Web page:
By Martin Eade
Banana bread is too often seen as last-resort in a café or the only use for “that bunch of bananas buried in the cupboard”. But made with care, quality ingredients and a little imagination, it can be a thing of beauty. It’s even better when lightly toasted and smothered with butter.
When cooking, it’s important to use seasonal, local ingredients wherever possible. Our farmers need all the support they can get, and we should never be scared to buy the imperfect fruit and veg supermarkets label as “ugly”.
I always buy Carnarvon bananas, which tend to be smaller – nicely lunchbox sized – and sweeter.
- 1 cup plain flour
- ½ cup Dutch cocoa
- 1 tsp baking soda
- ½ tsp sea salt
- 3 large brown bananas (1½ cups mashed)
- ¼ cup unsalted butter, melted and slightly cooled
- ¼ cup canola oil or melted coconut oil
- ¾ cup packed light brown sugar
- 1 large egg at room temperature
- 1 tsp vanilla extract
- 1 cup dark chocolate, chips or roughly-chopped
- Pre-heat your oven to 180°C. Grease a 23x13cm (9×5 inch) loaf pan with cooking spray.
- In a medium bowl, whisk together the flour, cocoa powder, baking soda, and sea salt. Set aside.
- In a large bowl, mash the bananas with a fork. Add the melted butter and oil and stir until combined. Stir in the brown sugar, egg, and vanilla extract. Stir until smooth.
- Stir the dry ingredients into the wet ingredients, don’t overmix. Stir in ¾ of the chocolate (see handy hint below).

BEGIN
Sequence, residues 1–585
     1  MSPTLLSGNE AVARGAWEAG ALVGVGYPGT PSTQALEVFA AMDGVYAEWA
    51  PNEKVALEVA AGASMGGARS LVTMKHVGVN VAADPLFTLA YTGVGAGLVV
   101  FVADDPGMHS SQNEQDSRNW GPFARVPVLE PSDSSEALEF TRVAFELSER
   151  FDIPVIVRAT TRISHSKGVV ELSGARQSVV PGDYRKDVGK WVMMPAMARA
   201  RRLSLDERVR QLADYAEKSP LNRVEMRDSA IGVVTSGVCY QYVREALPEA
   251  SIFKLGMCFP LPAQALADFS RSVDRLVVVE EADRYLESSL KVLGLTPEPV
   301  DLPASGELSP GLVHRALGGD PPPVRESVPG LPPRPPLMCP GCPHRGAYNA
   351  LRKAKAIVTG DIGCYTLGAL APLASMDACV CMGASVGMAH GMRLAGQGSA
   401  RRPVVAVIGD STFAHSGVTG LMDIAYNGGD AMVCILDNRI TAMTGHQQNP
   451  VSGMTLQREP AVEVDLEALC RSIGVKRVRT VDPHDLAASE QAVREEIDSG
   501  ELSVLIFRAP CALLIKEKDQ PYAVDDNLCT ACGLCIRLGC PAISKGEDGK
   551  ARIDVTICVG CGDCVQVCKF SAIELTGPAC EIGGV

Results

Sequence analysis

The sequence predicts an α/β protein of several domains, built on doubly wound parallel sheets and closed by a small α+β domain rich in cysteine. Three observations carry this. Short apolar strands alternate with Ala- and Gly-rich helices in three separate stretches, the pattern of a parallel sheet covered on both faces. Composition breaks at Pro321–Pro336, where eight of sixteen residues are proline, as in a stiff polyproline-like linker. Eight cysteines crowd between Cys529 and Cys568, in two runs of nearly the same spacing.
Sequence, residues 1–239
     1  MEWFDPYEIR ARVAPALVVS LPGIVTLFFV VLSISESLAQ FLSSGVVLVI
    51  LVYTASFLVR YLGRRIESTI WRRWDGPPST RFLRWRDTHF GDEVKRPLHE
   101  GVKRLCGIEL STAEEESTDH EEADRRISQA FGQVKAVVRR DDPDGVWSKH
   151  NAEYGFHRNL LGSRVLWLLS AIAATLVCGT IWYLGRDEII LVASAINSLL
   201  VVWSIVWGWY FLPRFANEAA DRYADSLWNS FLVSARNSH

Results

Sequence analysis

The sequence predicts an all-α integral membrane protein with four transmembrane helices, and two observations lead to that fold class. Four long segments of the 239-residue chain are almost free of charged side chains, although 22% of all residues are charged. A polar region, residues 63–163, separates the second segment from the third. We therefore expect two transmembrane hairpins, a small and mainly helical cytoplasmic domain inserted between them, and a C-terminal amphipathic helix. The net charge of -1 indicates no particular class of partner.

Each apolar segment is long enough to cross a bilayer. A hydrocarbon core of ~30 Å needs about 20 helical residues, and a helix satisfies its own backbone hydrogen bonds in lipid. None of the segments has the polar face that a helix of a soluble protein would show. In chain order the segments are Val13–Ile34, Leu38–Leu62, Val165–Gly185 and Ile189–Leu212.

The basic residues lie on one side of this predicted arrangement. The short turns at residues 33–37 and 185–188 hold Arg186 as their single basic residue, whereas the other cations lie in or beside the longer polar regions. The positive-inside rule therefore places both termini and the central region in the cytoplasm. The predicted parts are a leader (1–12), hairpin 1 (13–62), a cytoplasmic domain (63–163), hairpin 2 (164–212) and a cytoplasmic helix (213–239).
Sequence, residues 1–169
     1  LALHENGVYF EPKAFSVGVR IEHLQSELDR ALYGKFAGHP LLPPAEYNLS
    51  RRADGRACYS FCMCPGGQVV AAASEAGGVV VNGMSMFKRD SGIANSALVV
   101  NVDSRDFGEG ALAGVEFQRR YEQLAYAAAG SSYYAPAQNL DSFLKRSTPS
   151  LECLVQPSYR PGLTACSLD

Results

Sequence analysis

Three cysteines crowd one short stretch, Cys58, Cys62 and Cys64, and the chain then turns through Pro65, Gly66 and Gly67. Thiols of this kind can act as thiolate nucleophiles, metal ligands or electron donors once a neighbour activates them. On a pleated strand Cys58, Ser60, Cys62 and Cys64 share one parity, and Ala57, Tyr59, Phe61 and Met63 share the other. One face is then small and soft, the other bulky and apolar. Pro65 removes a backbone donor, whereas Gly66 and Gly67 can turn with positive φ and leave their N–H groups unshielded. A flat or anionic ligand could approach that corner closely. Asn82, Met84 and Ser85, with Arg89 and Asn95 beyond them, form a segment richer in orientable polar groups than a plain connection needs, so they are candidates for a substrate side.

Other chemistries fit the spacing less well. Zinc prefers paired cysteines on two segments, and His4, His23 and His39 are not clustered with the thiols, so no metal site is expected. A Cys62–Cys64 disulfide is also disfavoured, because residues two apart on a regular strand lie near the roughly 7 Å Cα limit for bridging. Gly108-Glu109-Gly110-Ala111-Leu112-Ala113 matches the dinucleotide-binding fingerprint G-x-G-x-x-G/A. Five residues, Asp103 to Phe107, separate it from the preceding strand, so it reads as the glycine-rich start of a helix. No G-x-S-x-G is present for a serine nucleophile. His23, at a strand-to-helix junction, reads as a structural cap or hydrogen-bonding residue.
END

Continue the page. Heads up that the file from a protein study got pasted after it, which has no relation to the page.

- Pour batter into prepared pan. Sprinkle the remaining chocolate over the top of the bread. Bake for 50-65 minutes, or until a toothpick inserted into the bread comes out mostly clean. You might have some melted chocolate on the toothpick and that’s fine. You just don’t want a lot of gooey batter. Check at 50 minutes, just to be safe.
- Remove the pan from the oven and set on a wire cooling rack. Let the bread cool in the pan for 15 minutes. Run a knife around the edges of the bread and carefully remove from the pan. Let the bread cool on the wire cooling rack until slightly warm. Cut into slices and serve.
When I bake, I tend to raid my fridge for leftover chocolate first. When I made this recipe, I didn’t have any chips and ended up using some 95 per cent Lindt and a left over easter egg for this delicious result!
In this case, I put it all in the bread rather than sprinkling on top (although I wish I’d had some white chips for that). The point here is to just relax and go with it.
From page 26 Issue 20: ‘Wellbeing: Building stronger communities that flourish as a whole’ ofThe Record Magazine